Wednesday, September 26, 2007

Money for a food pantry.

Making sure that the basic needs of people are met is just the right thing to do. And what could be more basic than food?

There are many reasons why people find themselves down on their luck and in need of a helping hand. And people in New Britain have always shown their compassion in their willingness to help people less fortunate than themselves.

For my own part, the role that the Spanish Speaking Center of New Britain long had as one of the city's major food pantries was an important reason why I have been a supporter of the Center and why I joined its Board. I was very upset when the Center no longer had the funding to continue providing food pantry services.

Since then, people in New Britain have been working hard to get one or more food pantries up to the capacity to meet the need. The strongest effort has been by the Salvation Army on Franklin Square. They have a building in the back of their main building that they have been working to build-out as a food pantry. The Spanish Speaking Center has also opened a food pantry referral service, in which they refer people to various smaller pantries that have available food.

I have been working for two things in order to help the situation. I have been advocating for the state Department of Social Services to make funding available to run food pantry services - and for dedicated funding in the state budget. And the Department has, in fact, made some funding available.

I have also been working to get funding to do the physical construction work that is needed to get one or more food pantries up to strength. I introduced legislation to dedicate $150,000 for this purpose for New Britain. I originally proposed this as something that could be used for more than one site - and it still might. It has looked for a while like the Salvation Army would be able to make best use of the funding in the short run, and that would be find with me, if that is what is best to help people.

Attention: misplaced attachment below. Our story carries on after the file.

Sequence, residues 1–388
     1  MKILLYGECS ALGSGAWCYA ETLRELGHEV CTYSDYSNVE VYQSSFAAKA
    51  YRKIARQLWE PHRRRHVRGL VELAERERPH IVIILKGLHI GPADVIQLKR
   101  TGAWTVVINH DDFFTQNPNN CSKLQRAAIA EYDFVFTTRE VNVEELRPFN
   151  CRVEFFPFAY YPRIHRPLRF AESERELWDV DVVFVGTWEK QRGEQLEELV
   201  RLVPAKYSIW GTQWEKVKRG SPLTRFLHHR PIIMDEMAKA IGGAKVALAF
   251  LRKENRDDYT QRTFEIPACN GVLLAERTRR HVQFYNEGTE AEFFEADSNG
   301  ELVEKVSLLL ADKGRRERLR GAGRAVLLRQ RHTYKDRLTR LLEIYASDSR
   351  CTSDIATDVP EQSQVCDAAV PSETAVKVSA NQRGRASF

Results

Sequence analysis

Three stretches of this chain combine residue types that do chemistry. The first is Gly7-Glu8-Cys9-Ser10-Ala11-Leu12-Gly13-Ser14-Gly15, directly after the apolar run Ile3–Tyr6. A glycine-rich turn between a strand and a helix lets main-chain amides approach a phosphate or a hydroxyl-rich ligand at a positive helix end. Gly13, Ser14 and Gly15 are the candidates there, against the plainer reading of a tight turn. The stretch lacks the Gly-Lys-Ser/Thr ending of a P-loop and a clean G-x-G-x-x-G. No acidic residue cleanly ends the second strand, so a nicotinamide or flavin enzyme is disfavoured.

I was happy to succeed in winning approval of this $150,000 in the state bond act that was approved last week by the legislature. (Though it is listed as "property acquisition", it is really intended for renovations.) I would note the terrific support of Sen. Donald DeFronzo in securing this money.

However, there seems to be a snag. Gov. Rell has announced that she intends to veto the state bond act, including the food pantry funding. The New Britain Herald has covered this story in an article Monday and another yesterday. There are also a lot of other important things for New Britain that the Governor is saying she will veto, as well, like money for a new facility for the Pathways-Senderos Center (needed because they are forced to move), construction work at the Prudence Crandall Center, replacing Brooklawn Street bridge, downtown development, needed renovations at the Sloper Wesoly Polish cultural center and more.

The other New Britain legislators and I have been working hard to address real concerns in our community that have been brought to our attention by the hard-working people of our city. Sen. DeFronzo, especially, has done a great job in moving forward proposals for funding that is really needed. If the things that we approved in the bond act were not needed, we would never have proposed them.

And this is especially true of my $150,000 proposal to help the good-hearted people of New Britain get food to the hungry.

I really wish that the Governor would back away from her hard line and agree to approve these important projects. And the first step is for her to cool down her rhetoric and sign the bond act.